The first straw houses in the UK have been put up for sale in the open market this week in Bristol, and could cut heating bills by 90 per cent.
The seven Bristol townhouses use straw panels, in which an engineered timber frame encloses the compressed straw bale insulation, needing significantly less conventional heating.
The homes were designed by a team of researchers from the University of Bath’s Department of Architecture and Civil Engineering.
“The construction sector must reduce its energy consumption by 50 per cent and its carbon emissions by 80 per cent by 2050, so radical changes are needed to the way we approach house building,” Professor Pete Walker, head of the department, said.
Compared with current UK building regulations, the straw walls, manufactured by specialist architectural firm Modcell, could provide three times greater insulation, with fuel costs anticipated to fall by 90 per cent. The homes are expected to be an affordable alternative to the equivalent brick-house, costing less than the average house to buy.
“As a construction material straw is a low-cost and widely available food co-product that offers real potential for ultra-low-carbon housing throughout the UK. Building with straw could be a critical point in our trajectory towards a low-carbon future,” Walker said.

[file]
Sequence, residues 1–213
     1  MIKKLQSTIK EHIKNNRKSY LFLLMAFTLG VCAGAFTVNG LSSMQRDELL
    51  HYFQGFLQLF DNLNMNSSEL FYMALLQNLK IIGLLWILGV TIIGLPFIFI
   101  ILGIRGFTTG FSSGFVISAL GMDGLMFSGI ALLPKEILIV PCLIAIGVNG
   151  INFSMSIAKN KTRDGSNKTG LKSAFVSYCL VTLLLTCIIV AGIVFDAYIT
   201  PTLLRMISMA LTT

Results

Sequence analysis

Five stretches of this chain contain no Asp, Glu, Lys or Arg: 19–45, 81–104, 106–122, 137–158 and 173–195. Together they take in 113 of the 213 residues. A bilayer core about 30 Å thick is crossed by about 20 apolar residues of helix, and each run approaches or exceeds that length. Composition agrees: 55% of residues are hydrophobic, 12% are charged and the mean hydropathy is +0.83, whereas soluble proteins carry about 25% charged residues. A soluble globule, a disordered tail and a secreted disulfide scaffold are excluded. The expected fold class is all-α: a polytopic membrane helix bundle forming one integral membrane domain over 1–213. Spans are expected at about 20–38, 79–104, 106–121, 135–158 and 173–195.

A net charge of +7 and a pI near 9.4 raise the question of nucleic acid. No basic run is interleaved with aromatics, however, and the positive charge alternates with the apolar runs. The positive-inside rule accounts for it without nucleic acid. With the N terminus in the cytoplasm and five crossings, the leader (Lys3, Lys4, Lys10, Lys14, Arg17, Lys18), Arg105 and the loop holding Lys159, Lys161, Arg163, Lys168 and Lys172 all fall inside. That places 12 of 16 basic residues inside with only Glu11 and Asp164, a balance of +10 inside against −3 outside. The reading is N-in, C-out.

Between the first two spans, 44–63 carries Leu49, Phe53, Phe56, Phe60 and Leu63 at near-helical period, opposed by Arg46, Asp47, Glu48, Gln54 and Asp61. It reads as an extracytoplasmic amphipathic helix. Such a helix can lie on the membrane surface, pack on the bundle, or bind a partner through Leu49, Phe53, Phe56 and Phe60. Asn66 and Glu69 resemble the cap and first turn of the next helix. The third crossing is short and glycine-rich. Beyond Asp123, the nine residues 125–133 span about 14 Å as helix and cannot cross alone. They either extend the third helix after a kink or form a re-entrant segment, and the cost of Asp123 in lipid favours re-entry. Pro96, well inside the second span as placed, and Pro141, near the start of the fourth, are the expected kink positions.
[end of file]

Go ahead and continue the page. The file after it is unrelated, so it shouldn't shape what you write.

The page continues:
Straw has been an uncertified construction material up until recently, but the new factory-built straw panel design developed at the University of Bath has received BM Trada’s Q mark certification.
To receive the certification researchers tested the straw panel’s energy efficiency, fire safety, durability and weather-resilience, including exposing the panels to heavy rain and extreme temperatures ranging from -20 to 50 degrees Celsius.
Developers and house buyers can now insure and secure mortgages against homes, schools and offices built using this sustainable construction method.